IAEA Mission Concludes Peer Review of the US Nuclear Regulatory Framework
11 Februay 2014
11 Februay 2014| Washington, D.C., United States of America –- An international team of senior nuclear safety experts today concluded a nine-day International Atomic Energy Agency (IAEA) mission to review the regulatory framework for the safety of operating nuclear power plants in the United States of America (USA).
The Integrated Regulatory Review Service (IRRS) mission was a follow-up to the IRRS mission to the US Nuclear Regulatory Commission (NRC) that was conducted in 2010, with the key additional aim of reviewing whether the response of the US regulatory regime to the implications of the accident at TEPCO's Fukushima Daiichi Plant had been timely and effective.
The mission team concluded that the recommendations and suggestions made by the 2010 IRRS mission have been taken into account systematically under the NRC's subsequent action plan, with significant progress in many areas and many improvements carried out. One of two recommendations and 19 out of 20 suggestions made by the 2010 IRRS mission have been effectively addressed and can therefore be considered closed. The outstanding recommendation relates to the NRC's review of its Management System, which is in the process of being finalised.
The IRRS team also found that the NRC acted promptly and effectively after the Fukushima accident in the interests of public health and safety, and that the report of its Near-Term Task Force represents a sound and ample basis for taking into account the lessons learned from the accident.
"The NRC is to be commended for its positive response to the findings of the IRRS mission in 2010," said Colin Patchett, IRRS mission Team Leader and Director - IRRS Missions at the United Kingdom’s Office for Nuclear Regulation. "NRC staff have shown their professionalism and commitment, enabling the team to close the majority of issues from the previous mission."
NRC Chairman, Allison M. Macfarlane, said: "We greatly appreciate the team's findings that the NRC's post-Fukushima actions are appropriately addressing the lessons we've learned. I'm pleased to see not only that our 2011 Near-Term Task Force report is internationally respected, but that our inspection activities are also highlighted as being 'exemplary'."
In its preliminary report, the IRRS team made the following general observations:
- The NRC has put in place measures to clarify that the prime responsibility for safety lies with the licensees;
- The NRC has made a clear commitment to complete and implement the description and map of its Management System;
- The NRC has implemented procedures to ensure a systematic review of its Guides is carried out, taking account of operational experience feedback and IAEA safety standards;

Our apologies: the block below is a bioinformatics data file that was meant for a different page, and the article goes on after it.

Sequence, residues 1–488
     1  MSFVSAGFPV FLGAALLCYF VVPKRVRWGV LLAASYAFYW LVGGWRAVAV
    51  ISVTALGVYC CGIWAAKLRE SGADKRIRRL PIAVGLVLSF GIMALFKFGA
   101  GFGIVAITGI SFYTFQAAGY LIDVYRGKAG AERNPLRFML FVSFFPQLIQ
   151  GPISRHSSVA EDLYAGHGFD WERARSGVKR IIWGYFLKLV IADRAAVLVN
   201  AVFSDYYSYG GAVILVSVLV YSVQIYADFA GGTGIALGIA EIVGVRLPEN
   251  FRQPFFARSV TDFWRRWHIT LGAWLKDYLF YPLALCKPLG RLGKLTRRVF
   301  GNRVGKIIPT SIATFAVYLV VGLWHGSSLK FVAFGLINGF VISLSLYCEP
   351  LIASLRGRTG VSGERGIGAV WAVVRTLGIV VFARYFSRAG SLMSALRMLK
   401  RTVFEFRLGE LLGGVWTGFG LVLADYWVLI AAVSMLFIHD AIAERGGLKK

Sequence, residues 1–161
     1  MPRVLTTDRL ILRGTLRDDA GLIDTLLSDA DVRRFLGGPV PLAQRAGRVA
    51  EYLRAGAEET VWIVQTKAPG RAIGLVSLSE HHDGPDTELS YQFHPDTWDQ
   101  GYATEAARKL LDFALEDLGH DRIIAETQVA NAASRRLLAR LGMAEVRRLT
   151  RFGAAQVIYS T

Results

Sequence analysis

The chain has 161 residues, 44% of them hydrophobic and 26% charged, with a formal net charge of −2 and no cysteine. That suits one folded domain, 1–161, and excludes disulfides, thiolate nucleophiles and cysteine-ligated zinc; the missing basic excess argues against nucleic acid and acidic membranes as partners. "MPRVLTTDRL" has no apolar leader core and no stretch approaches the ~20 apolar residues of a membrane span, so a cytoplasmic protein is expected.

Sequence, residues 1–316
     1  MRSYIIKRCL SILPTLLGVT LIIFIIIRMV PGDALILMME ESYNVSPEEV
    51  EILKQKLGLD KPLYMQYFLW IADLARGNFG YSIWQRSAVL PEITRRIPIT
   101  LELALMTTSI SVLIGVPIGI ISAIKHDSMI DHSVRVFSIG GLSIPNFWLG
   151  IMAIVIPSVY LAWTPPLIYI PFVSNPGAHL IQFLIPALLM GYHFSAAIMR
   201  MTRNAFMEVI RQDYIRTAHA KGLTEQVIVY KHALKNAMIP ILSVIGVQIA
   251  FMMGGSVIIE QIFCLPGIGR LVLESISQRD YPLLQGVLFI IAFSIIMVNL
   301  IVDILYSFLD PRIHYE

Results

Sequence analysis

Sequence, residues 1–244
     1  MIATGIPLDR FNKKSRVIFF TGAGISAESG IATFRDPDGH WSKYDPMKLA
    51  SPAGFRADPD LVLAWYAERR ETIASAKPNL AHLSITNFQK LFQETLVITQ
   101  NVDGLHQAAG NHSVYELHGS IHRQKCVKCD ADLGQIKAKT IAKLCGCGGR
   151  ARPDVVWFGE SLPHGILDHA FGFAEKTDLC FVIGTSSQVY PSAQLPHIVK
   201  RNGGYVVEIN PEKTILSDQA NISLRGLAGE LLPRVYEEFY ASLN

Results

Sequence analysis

- Requirements for emergency preparedness have been expanded to ensure that the emergency exercise programme is challenging to all those involved; and
- The role of the safety/security interface has been enhanced through improved analysis of operating experience, and development of an integrated safety/security culture.
The IRRS team identified the following good practice:
- Significant non-nuclear events in other industries are systematically analysed as part of the operating experience programme, and this analysis is coordinated and communicated through the new Operating Experience Center of Expertise.
It also identified one new suggestion where overall performance of the regulatory system could be enhanced:
- The NRC should consider developing consolidated regulatory requirements and corresponding guidance in order to facilitate the orderly transition from operation to decommissioning of nuclear power plants.
The 5-member review team from Slovakia, Slovenia, Spain, Sweden and the UK, as well as three IAEA staff members, conducted the mission at the request of the US Government from 3 to 11 February 2014. The final report will be submitted to the US government in about three months.
The IRRS mission to the US in 2010 reviewed a broad spectrum of legal and regulatory issues within the nuclear regulatory framework, resulting in recommendations to fully comply with the IAEA Safety Standards and suggestions for further possible improvement of the regulatory framework. The IAEA encourages countries that have hosted initial IRRS missions to invite follow-up missions two to four years after the initial mission.
The USA has 100 operating nuclear power reactors at 62 sites. As of 2013, nuclear power contributed about 19 per cent of the country's electricity production.
About IRRS Missions
IRRS missions are designed to strengthen and enhance the effectiveness of the national nuclear regulatory infrastructure of States, while recognizing the ultimate responsibility of each State to ensure safety in this area. This is done through consideration of regulatory, technical and policy issues, with comparisons against IAEA safety standards and, where appropriate, good practices elsewhere.
More information about IRRS missions is available on the IAEA Website.